The campaign in the PWOC reduced everything to a question of white chauvinism or petty-bourgeois ideas. The centrality of racism came to mean that racist ideology is always the central aspect of every action in relations between white and Black people. Criticisms became automatic formulas, mechanically applied. For example, “Because racism exists in interracial relationships, then racism must be considered the essence of SUCH relationships, and they should be discouraged.” As a result, all the interracial couples in the PWOC split up.

But reducing all aspects of relationships to racism (or class bias) is contrary to Marxism-Leninism. Lenin summed it up this way: “Exaggerating any aspect of knowledge, depriving it of bonds with other aspects and with matter, and absolutizing it, inevitably leads to idealism.” The PWOC’s line on racism is ultimately a position of “left segregationism,” and is another example of the view that whites are hopelessly compromised by their “white skin privilege” – a view adopted in the past by organizations like Sojourner Truth Organization and Prairie Fire.

The PWOC adopted the same mechanical approach to “accommodation-ism.” All weaknesses or supposed* weaknesses of national minority comrades were attributed to their accommodation to white chauvinism. Actually, to allow national minority comrades to raise criticisms of the campaign might have toppled the house of cards built up by the leadership. As a result national minority comrades left the organization at about the same rate as whites.

Common practice was to accept immediately whatever criticism was being leveled, and to call oneself and others racist (or anti-working class) in the most degrading way possible (e.g. so-and-so is “just like the KICK”). Criticisms were seen as certainties, and questioning criticism became an error in and of itself, a further proof of racist and class-bias blindspots. Meanwhile, a handful of people in leadership ran the show, while remaining relatively exempt from criticism. Leadership did seek out dissent in the PWOC, but not to learn from it, only to crush it. Undemocratic methods and manipulation were successful, and in the end the life of the PWOC was characterized by unanimous votes and suspension or expulsion of members. Questions and disagreements on anything were labelled “anti-leadership.”

Usually, leadership decided the “correct” position on something, and then cell chairs were directed to “consolidate” the membership around that position. This led to little internal debate. For example, the Soviet invasion of Afghanistan was a legitimate point for debate everywhere throughout the movement except the PWOC. Those who expressed any doubt about the PWOC’s pro-Soviet position were immediately labelled “anti-Soviet”, and “anti-leadership.” Another example was the PWOC’s support of Gus Hall and Angela Davis in the presidential elections. Many cadre first heard about the position when they read about it in the PWOC’s paper, the Organizer.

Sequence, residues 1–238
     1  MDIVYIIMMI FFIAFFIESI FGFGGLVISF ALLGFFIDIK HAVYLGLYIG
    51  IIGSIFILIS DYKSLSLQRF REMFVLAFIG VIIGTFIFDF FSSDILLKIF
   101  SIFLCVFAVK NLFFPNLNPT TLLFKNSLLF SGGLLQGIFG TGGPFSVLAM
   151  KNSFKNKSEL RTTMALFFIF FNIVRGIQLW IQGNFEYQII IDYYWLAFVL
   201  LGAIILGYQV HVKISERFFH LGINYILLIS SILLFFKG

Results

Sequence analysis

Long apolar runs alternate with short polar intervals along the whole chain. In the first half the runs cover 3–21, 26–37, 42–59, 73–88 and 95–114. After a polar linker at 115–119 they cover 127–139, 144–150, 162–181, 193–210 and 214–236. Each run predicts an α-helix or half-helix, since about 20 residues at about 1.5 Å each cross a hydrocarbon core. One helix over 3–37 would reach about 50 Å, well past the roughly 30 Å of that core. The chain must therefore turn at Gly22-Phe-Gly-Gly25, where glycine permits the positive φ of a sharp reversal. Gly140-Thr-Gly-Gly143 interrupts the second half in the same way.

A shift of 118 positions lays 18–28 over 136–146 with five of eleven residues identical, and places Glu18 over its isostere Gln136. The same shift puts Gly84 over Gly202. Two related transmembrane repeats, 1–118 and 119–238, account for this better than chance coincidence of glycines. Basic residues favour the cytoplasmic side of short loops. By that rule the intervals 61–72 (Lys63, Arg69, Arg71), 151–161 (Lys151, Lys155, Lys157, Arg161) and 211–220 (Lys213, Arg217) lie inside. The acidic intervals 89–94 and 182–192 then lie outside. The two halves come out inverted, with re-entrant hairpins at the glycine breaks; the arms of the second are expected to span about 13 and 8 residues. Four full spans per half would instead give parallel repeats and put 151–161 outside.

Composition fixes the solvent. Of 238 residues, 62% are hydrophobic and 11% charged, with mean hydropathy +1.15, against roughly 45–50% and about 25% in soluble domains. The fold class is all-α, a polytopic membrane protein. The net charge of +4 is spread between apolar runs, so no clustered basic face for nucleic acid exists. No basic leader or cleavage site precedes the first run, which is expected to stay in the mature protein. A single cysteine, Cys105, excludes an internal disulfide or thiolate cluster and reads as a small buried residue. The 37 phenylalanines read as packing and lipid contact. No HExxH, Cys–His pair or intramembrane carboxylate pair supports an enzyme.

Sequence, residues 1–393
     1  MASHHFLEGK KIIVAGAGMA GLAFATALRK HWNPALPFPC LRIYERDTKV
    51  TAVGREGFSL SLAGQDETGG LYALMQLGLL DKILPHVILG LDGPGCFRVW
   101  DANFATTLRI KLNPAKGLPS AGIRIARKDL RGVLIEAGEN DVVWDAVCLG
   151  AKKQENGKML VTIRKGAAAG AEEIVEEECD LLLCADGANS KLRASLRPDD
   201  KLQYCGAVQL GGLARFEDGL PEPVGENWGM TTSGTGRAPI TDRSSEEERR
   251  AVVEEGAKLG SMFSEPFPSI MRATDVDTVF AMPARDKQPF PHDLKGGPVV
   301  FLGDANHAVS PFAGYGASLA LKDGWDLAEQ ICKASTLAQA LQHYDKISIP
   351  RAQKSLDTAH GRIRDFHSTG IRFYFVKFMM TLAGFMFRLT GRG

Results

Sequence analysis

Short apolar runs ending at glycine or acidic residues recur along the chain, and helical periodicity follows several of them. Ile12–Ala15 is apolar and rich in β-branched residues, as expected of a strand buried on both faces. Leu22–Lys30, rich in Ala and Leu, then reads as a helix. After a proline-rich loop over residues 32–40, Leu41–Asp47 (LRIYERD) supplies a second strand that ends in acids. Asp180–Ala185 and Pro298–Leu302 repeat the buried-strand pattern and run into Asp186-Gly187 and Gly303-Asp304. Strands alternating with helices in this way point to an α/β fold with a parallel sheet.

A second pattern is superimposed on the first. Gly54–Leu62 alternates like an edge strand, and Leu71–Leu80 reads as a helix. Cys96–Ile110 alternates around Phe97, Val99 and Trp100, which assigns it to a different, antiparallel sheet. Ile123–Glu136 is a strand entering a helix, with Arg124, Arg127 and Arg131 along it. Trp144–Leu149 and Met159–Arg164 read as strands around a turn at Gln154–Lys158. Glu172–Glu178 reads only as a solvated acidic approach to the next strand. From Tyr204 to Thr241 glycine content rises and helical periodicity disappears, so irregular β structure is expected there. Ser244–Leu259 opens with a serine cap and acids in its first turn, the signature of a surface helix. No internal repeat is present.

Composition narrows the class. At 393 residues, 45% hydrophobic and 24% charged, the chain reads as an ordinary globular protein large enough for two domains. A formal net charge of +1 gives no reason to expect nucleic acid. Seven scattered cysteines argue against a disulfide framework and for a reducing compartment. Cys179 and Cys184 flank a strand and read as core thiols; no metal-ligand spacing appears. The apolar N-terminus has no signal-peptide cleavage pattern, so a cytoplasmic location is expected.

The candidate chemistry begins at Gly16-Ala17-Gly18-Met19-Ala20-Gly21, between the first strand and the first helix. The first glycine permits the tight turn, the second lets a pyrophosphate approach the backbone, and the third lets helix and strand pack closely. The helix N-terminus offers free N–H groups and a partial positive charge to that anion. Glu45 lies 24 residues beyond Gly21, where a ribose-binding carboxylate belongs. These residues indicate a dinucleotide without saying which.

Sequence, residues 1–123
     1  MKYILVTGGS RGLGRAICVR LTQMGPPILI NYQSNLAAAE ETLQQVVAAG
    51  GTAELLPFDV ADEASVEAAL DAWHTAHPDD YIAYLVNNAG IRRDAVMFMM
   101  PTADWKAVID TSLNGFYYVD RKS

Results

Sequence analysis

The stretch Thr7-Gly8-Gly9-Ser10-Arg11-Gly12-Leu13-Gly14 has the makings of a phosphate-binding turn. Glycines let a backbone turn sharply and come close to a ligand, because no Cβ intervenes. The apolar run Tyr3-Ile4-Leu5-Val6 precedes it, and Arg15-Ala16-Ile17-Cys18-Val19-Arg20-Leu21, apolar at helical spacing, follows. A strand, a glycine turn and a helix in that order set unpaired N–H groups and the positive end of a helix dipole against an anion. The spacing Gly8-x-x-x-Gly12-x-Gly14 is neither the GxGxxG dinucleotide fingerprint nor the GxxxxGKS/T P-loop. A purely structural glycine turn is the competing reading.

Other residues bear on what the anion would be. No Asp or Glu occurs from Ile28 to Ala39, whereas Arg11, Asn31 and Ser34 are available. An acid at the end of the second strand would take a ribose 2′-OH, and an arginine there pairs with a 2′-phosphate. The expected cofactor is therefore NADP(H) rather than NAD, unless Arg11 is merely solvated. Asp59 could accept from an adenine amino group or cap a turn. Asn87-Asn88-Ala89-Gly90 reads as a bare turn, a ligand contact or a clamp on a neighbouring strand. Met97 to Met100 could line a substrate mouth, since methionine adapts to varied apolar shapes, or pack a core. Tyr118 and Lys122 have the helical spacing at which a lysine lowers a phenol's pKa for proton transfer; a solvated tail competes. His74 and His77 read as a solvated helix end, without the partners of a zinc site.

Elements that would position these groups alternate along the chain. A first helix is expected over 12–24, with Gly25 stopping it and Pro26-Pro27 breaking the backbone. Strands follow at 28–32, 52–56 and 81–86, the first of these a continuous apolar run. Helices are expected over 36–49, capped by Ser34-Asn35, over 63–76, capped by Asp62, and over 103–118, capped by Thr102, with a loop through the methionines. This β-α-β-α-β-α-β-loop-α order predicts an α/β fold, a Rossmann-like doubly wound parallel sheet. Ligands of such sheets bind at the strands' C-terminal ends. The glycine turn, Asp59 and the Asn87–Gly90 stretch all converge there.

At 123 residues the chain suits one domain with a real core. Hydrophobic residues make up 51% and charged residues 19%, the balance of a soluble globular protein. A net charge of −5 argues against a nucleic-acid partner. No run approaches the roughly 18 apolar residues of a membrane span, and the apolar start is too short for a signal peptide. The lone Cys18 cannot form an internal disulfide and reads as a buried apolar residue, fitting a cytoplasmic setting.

Not only did leadership distrust rank-and-file membership, but they failed to adopt any program of cadre development. By the end, there was no internal education in the PWOC, except sessions of “ideological struggle.” Indeed there was little time for education, given the over-extension of cadre. Most members attended three or four meetings a week, in addition to 5- to 6-hour cell meetings on weekends. This was on top of union meetings, mass meetings, leafletting, phone calls, raffle ticket sales, Organizer distributions, demonstrations, producing the newspaper, doing child-care, etc....

Many members became demoralized at such a pace. In fact, the PWOC was acting like the revolution was next week. Not only did over-extension burn out members, but few could be recruited to an organization which was so all-consuming. And yet anyone who complained of overwork was harshly criticized and accused of lack of commitment, racism, etc.

Focusing on internal life, the PWOC gradually withdrew from mass work. On those occasions when the PWOC did work with other forces, those efforts were characterized by sectarianism and an insistence on bringing the campaign into the mass work. Two examples will help clarify.

One was work in the women’s movement. Although the PWOC has said that the women’s movement is part of the revolutionary movement in the sectarian attitude toward the women’s movement for a number of years. This has been especially apparent in the PWOC’s recent criticism of the women’s movement for feminism. Feminism, strictly defined, narrowly targets men as the enemy and all too often overlooks class and racial oppression. We agree with the PWOC that feminism defined in this strict sense (as opposed to the looser sense of anti-sexism) should be criticized. However, the PWOC has criticized from the outside the women’s movement, refusing to participate, claiming that work in the women’s movement is not a priority.


In this stand-off position, the PWOC merely repeated the errors of other “left” groups which were all criticism and no unity; such a position only fosters anticommunism in the women’s movement and makes constructive criticism of narrow feminism more difficult for activists in the women’s movement. This trend, which began with the PWOC’s half-hearted participation in and strident criticism of the 1979 Take Back the Night march, culminated when the PWOC walked out of the International Women’s Day Philadelphia-Coalition (IWD) in 1981. Not only did the PWOC walk out when it did not get its way, it then leafletted the event to put forth its criticism, and even actively encouraged scheduled speakers not to participate.